How Does Homer Portray War in the Iliad?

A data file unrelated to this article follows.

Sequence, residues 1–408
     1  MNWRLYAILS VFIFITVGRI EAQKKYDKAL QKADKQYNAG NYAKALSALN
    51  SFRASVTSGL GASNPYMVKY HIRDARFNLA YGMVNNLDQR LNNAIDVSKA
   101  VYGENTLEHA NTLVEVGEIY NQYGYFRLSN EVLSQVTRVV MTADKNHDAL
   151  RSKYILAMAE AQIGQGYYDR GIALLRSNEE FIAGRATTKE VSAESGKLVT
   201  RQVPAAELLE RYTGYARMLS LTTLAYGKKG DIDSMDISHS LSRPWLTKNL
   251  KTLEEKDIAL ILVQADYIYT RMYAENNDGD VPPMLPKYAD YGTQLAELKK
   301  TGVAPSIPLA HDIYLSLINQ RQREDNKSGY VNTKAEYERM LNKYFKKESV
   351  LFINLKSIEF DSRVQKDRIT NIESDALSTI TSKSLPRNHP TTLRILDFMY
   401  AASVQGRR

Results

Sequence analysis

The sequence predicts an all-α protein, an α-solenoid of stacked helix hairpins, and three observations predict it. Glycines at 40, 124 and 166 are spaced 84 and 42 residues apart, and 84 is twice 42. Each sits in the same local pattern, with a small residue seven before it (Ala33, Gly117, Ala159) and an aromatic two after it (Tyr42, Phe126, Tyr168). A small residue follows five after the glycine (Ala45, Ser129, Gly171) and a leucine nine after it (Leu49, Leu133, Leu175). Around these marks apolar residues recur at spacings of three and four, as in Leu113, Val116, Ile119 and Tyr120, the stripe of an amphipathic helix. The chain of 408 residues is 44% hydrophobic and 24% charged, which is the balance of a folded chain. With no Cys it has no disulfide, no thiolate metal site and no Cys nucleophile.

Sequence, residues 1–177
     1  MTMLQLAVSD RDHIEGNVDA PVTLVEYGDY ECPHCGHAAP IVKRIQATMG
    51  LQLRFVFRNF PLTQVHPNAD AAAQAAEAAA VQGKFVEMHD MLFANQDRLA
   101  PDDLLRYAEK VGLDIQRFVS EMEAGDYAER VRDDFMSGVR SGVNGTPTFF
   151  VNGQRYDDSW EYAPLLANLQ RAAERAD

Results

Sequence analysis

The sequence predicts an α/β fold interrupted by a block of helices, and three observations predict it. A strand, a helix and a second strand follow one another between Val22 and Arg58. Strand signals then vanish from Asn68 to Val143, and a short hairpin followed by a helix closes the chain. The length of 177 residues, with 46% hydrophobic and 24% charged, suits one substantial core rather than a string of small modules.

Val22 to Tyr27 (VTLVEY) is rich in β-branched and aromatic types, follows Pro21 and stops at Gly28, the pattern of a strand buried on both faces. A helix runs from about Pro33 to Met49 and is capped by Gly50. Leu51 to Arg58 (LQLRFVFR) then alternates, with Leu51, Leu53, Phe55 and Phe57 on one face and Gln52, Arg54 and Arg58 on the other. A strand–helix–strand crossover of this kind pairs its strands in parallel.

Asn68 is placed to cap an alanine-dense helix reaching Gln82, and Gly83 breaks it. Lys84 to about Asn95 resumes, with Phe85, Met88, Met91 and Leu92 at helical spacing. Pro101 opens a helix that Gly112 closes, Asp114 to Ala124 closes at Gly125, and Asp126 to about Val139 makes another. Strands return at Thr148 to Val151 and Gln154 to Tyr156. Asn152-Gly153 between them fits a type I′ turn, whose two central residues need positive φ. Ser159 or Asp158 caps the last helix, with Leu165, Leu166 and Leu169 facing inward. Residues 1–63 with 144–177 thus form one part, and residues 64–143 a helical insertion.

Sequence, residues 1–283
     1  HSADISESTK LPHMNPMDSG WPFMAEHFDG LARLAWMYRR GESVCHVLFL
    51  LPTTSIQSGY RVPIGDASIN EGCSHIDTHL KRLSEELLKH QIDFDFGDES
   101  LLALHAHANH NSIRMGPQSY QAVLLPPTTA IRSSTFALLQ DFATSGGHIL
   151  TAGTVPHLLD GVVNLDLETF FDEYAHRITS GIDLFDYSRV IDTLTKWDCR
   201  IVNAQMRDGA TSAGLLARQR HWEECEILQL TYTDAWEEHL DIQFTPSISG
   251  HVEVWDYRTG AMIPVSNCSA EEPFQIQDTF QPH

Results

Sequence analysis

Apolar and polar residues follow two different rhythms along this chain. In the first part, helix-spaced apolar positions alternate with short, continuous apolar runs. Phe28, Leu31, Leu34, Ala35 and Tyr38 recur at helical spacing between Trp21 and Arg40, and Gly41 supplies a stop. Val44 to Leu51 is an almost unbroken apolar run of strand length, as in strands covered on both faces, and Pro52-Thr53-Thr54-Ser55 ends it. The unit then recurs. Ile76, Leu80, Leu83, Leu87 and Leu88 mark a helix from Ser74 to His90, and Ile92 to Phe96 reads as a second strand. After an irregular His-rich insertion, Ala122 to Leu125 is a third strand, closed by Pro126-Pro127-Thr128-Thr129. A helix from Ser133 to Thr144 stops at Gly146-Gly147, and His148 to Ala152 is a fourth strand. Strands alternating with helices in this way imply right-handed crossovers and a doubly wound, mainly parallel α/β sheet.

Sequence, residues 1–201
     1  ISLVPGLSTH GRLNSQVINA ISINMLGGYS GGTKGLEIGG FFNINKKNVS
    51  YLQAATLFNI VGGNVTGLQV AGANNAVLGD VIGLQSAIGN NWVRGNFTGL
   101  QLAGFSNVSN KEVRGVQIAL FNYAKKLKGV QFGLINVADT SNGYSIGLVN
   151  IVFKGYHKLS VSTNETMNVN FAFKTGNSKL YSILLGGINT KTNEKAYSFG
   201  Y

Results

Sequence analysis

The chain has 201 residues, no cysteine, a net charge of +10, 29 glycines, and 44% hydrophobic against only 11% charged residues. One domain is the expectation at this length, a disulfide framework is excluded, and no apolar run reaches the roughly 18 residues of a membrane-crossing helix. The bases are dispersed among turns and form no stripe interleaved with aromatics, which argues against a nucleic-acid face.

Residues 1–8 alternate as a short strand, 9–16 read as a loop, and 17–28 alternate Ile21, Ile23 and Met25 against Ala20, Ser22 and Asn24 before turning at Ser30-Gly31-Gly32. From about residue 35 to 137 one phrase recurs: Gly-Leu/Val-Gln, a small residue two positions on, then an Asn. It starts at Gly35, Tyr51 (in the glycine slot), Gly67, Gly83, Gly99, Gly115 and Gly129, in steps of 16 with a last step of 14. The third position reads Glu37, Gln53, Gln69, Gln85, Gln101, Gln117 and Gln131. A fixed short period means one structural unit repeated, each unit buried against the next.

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War, one of the main theme and action which was described and portrayed most in the Iliad by Homer. Homer portrayed them by four parts, in the similes which helped the oral tradition; the description of Achilles' shield; the conversation of the great warriors and the laments of women. Similes, the most common style of describing by comparing it to the nature is used by Homer to portray war. For example, in Book 4 the death of Simoisius, "he a poplar...trunk trimmed... branches sprouting... to make... a beautiful chariot..." The simile was portrayed by showing to the audience that there is hope in the after life and it will be with glory and beauty, moreover war results of the death of fine young men in their prime which results in the suffering of their loved ones. In Book 16, Patroclus and Hector are compared as lions , "two fought... like a pair of lions... hungry and fearless..." in this simile both of them are fighting over the dead body of Cebriones, as one side needs the body for glory and the other sides prevent them to have it. This shows the tragedy of war, as most warriors fight for glory and honor, and which most of them can have fatal consequences at the end. In Book 22 the duel between Hector and Achilles was decribed, "as a hound starts a fawn... until it finds it..." Achilles is compared to the hound and Hector the fawn, it shows that Achilles' charater in the duel, relentless and the strongest of the two, and poor Hector the prey of Achilles. Homer portrayed the hunt down of Hector as a fearful nature and predatory of war, and how brutal that it is. Homer also used another simile in the duel, "like a chase in a one, pursuer or pursued, can move a limb..." Homer shows the audience that in war, fear can have the effect of paralysing one's mind, and nightmare is the by-product of war which warriors need to bear with

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